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Wicket in Action: advanced topics

 
Ivano Pagano
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Hello Martijn and Eelco,
our team is now using Tapestry 4.x as web framework, integrated with Spring/Hibernate and a couple of other frameworks, almost seamlessly.
We've been investigating other frameworks in alternative to upgrading to Tapestry 5.
Being familiar with component-oriented frameworks, I'm interested in advanced topics such as integration with other frameworks (e.g. spring, hibernate), accessing wicket pages from external links, using ajax features, managing transactional behaviour in Hibernate Sessions or JTA...
Does the book covers any such topics?

Of course it would be useful to have your opinion on pros and cons of Wicket vs. Tapestry 5, if you have any.

Thank you for supporting developers through your work,
have a nice day.

Ivano.
 
Marco Ehrentreich
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Hi Ivano,

Martijn already answered this question (at least partly) in this post. So it seems to be no problem to integrate most other frameworks or technologies.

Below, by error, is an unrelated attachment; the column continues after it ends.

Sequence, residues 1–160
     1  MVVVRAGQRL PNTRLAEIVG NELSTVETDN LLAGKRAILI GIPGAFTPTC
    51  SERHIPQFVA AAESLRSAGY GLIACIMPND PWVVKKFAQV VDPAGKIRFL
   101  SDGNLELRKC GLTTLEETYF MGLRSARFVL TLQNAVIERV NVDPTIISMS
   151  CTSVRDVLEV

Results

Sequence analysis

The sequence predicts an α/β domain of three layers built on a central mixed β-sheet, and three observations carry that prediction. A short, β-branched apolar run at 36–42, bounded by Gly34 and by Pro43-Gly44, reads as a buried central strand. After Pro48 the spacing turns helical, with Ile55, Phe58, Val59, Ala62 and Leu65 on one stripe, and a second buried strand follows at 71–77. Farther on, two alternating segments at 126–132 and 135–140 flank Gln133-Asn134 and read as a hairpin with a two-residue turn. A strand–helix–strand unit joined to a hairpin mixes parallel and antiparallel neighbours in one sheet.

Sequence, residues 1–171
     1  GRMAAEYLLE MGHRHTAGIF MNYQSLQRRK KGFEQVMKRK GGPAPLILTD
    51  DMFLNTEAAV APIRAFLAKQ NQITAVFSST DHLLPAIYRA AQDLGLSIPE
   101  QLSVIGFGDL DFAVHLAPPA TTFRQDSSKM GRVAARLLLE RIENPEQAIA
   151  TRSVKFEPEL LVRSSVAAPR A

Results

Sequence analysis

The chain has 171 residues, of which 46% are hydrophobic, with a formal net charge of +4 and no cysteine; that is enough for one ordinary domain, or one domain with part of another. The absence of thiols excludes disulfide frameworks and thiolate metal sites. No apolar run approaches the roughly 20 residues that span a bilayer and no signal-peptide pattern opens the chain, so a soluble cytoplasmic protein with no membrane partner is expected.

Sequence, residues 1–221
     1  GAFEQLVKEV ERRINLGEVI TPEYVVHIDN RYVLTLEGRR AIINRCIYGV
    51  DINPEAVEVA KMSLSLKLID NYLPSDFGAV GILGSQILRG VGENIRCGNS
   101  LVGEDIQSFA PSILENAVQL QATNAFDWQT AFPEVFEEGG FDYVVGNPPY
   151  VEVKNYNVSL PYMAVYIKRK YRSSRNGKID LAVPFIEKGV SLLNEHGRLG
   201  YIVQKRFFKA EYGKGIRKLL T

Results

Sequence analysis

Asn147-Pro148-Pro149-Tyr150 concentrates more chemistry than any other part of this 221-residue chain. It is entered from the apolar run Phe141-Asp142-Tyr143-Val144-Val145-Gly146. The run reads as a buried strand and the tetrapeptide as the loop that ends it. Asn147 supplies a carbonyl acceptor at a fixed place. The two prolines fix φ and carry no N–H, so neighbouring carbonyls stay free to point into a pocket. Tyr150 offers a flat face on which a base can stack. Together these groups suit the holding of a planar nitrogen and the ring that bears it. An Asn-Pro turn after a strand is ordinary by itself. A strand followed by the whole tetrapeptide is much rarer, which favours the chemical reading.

Marco
[ May 20, 2008: Message edited by: Marco Ehrentreich ]
 
Martijn Dashorst
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We've been investigating other frameworks in alternative to upgrading to Tapestry 5.
Being familiar with component-oriented frameworks, I'm interested in advanced topics such as integration with other frameworks (e.g. spring, hibernate), accessing wicket pages from external links, using ajax features, managing transactional behaviour in Hibernate Sessions or JTA...
Does the book covers any such topics?


The book covers Ajax in depth, and Spring/hibernate in chapter 13 (14 if you have the MEAP). Providing access to pages in your application is covered in chapter 5 (6 if you have the MEAP) and 14 (15 if you have the MEAP).

Wicket's default URL coding strategy is rather ugly but using mounts you can pick the encoding strategy to your liking. Wicket supports urls such as: http://cheesr.com/cheese/edam or http://cheesr.com/cheese?name=edam and http://cheesr.com/cheese/name/edam

This is explained in detail in chapter 14 (15 in the meap).

Transactional behavior is specific to the technology one uses in addition to Wicket. Therefore we don't impose any on you. Some people use OpenSessionInViewFilter from Spring, others use a custom Wicket request cycle to provide access to their Hibernate sessions and transactions. ymmv.
 
Ivano Pagano
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Thank you very much Martijn,
your answer has been absolutely clarifying and accurate.

Thank you again,
Ivano.
 
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